There are now almost 8 gigawatts (GW) of concentrated solar power (CSP) projects in the pipeline, compared with the half GW that was installed in 2010. This project pipeline is in stark contrast with recent news about cancellations of CSP power plants. What is going on?
Basically, the CSP industry is at a critical turning point due to a number of factors. The ‘potential’ of CSP is an oft-heard term, and it is true that there are some very attractive aspects of CSP – in principle.
CSP has two key positive and interrelated aspects: it can provide good energy dispatchability, and has the flexibility to support hybridisation. Dispatchability is the ability to provide the energy when the demand wants it, not when the supply generates it. CSP can be configured to have thermal storage and can provide up to six or even eight hours of post-sundown energy.
Hybridisation allows the power plant to have both solar and standard energy for heating. In principle, this capability would allow for 100 per cent capacity– where the power plant is providing electricity over the full 24 hours, and the plant becomes a tunable base load supply – the holy grail for renewables.Article continues below…
The big ‘however’ is that this all comes at a high price tag, due to the fact that CSP is the most expensive member of the solar and wind club1.
The key to CSP success
The key to CSP's commercial success is developing an economical, effective energy storage capability that will hold the sun's heat and enable clean electricity generation during periods of peak power demand, cloudy weather, and night time hours.
CSP has the potential to address the need for dispatchability through the use of a thermal storage medium. In this regard, there are two intertwined technology paths for CSP – both of which need to be advanced. These are solar collection technology and heat conduction technology. In the latter there are two key elements: Heat Transfer Fluid (HTF) and Thermal Energy Storage (fluids or TES).
The four different approaches to CSP currently include trough, tower, linear reflector, and sterling dish. Except for trough CSP, there is the need for an HTF and in some cases a TES medium. The HTF and TES materials serve as the interface between the solar energy input and the power block.
CSP in Australia
Large-scale solar electricity generation is recognised as a relatively new market in Australia, with considerable uncertainty surrounding future values for a number of key variables that may affect generation costs.
One of the key variables is energy storage. According to the December 2010 Pre-Feasibility Study for a Solar Power Precinct study prepared by AECOM Australia for the New South Wales Department of Environment, Climate Change and Water (DECCW) “Augmenting a solar thermal plant with storage capability is a potential solution to resolve the disparity between solar thermal output and consumer demand.”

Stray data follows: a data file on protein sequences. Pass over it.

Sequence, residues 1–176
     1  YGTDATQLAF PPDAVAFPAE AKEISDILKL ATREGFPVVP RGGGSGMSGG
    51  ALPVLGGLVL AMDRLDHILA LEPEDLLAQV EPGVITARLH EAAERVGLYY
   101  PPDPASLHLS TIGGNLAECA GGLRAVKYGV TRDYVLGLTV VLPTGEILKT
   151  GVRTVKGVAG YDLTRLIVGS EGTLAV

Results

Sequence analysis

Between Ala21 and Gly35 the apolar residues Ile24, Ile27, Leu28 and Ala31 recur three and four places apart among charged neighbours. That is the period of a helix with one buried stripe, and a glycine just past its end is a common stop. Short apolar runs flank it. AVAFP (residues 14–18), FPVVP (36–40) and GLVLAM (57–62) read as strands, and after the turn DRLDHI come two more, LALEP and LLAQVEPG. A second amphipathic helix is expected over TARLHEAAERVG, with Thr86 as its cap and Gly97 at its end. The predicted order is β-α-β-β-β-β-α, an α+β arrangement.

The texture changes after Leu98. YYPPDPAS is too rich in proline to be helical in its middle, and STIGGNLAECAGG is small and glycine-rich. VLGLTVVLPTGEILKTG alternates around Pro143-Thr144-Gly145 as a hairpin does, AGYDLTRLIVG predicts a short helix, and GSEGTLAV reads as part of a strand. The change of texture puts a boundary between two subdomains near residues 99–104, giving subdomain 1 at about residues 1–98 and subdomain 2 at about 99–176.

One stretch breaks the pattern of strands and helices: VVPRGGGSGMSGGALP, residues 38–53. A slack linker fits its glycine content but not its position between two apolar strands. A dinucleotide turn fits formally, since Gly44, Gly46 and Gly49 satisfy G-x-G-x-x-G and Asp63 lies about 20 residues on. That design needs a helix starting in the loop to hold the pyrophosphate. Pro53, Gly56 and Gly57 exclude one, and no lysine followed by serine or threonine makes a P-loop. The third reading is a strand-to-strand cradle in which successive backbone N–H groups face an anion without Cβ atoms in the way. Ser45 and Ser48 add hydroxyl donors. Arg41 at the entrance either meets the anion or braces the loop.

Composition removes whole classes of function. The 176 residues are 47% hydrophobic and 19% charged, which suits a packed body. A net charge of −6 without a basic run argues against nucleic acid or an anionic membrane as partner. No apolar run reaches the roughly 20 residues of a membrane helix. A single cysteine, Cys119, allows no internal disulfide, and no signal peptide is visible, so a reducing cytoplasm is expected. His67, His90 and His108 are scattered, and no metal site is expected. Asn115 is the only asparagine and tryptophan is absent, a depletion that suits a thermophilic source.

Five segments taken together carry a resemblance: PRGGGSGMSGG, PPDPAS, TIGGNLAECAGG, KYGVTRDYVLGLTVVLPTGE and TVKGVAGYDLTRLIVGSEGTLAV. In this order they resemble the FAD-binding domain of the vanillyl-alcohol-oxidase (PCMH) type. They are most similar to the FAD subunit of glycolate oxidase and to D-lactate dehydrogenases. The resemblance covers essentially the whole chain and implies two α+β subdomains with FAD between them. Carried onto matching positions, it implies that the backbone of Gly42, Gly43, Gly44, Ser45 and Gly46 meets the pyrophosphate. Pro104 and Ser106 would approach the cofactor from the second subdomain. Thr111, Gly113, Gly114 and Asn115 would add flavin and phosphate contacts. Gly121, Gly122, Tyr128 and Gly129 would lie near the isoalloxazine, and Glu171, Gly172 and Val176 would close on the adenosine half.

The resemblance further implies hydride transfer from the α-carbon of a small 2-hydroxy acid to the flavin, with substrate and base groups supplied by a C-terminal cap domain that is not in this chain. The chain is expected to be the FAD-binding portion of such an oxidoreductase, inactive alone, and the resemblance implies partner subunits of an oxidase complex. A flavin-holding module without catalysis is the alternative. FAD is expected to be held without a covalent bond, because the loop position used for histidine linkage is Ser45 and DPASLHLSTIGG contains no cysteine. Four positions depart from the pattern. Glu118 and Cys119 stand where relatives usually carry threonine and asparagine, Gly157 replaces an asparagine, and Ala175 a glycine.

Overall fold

According to AECOM, the most important technical issue challenging large-scale solar is connection and integration of its capacity to the electricity network. However, while it does add capital costs, the inclusion of TES to a solar power plant or precinct “may allow electricity to be scheduled for dispatch at peak periods where it can be sold for a higher price and possibly improve financial viability such that the power may become cost-competitive under a Carbon Pollution Reduction Scheme (CPRS) within five to ten years.”
One of the advantages of CSP is that it can be part of a hybrid energy source so that a regular gas-fired plant can also be used to heat the HTF/TES materials during solar down-time.
Installation and testing of innovative solar thermal power plant technology using compressed air and without using water is underway at the Australian National University's Solar Energy Centre in Newcastle, New South Wales. The CSIRO developed new technology that focuses the sun from a field of 450 heliostats onto a 30 metre high solar tower. The heliostats will concentrate the solar resource to create temperatures of up to 1000˚Celsius.
The solar Brayton Cycle system at the site then uses the concentrated solar energy to heat compressed air, which expands through a turbine to generate electricity. This technology also has the capability of hybridisation, as heating can also be performed by natural gas combustion. CSIRO is working in collaboration with Japan’s Mitsubishi Heavy Industries, who views the technology as a good fit for its current range of high-temperature gas turbines. As planned, the solar Brayton Cycle field will be the largest of its type in the world and will generate energy equivalent to the amount required to power nearly 100 homes. Future plans will also reportedly include the option of storage so that clean renewable energy may be provided during peak demand.
The key considerations for development of HTF/TES materials are the ability to vary the operational temperatures, the range of useful temperatures, the heat capacitance and – very importantly – the cost. The latter is essential in the world of solar energy.
The rapid implementation of photovoltaic (PV) in the last year has been accelerated by the dramatic drop in PV prices. It is essential for CSP to achieve some of the same learning curve cost reductions. The solar industry is reliant on incentives, and lowering the cost is a requirement. Further, the ability to introduce new technical solutions is only as good as the ability to provide these technical solutions in a cost-effective manufacturing mode2.
From a commercial perspective, HTF and TES are at very early development stages. Although they can function, the current HTFs suffer from significant shortcomings and TES elements are even more challenging, with only marginal industrial activities. Activity for both remains very much a research and development effort.